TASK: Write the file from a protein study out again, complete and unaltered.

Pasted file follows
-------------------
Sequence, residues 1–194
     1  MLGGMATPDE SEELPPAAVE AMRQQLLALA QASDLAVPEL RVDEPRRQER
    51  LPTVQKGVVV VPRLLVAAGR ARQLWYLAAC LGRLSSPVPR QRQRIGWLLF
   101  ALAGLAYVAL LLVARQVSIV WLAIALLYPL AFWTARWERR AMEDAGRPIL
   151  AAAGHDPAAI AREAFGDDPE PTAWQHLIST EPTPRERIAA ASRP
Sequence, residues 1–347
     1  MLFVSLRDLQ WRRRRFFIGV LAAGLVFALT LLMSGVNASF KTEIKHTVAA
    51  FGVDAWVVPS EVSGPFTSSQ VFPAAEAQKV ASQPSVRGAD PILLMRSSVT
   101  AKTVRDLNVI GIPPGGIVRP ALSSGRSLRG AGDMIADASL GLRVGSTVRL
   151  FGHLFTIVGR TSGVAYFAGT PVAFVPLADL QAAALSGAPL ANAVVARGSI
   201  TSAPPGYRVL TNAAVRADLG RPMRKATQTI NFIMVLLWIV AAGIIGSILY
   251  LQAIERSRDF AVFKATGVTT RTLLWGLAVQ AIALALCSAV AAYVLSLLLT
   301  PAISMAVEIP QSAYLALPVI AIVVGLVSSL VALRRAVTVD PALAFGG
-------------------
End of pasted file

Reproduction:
Sequence, residues 1–194
     1  MLGGMATPDE SEELPPAAVE AMRQQLLALA QASDLAVPEL RVDEPRRQER
    51  LPTVQKGVVV VPRLLVAAGR ARQLWYLAAC LGRLSSPVPR QRQRIGWLLF
   101  ALAGLAYVAL LLVARQVSIV WLAIALLYPL AFWTARWERR AMEDAGRPIL
   151  AAAGHDPAAI AREAFGDDPE PTAWQHLIST EPTPRERIAA ASRP
Sequence, residues 1–347
     1  MLFVSLRDLQ WRRRRFFIGV LAAGLVFALT LLMSGVNASF KTEIKHTVAA
    51  FGVDAWVVPS EVSGPFTSSQ VFPAAEAQKV ASQPSVRGAD PILLMRSSVT
   101  AKTVRDLNVI GIPPGGIVRP ALSSGRSLRG AGDMIADASL GLRVGSTVRL
   151  FGHLFTIVGR TSGVAYFAGT PVAFVPLADL QAAALSGAPL ANAVVARGSI
   201  TSAPPGYRVL TNAAVRADLG RPMRKATQTI NFIMVLLWIV AAGIIGSILY
   251  LQAIERSRDF AVFKATGVTT RTLLWGLAVQ AIALALCSAV AAYVLSLLLT
   301  PAISMAVEIP QSAYLALPVI AIVVGLVSSL VALRRAVTVD PALAFGG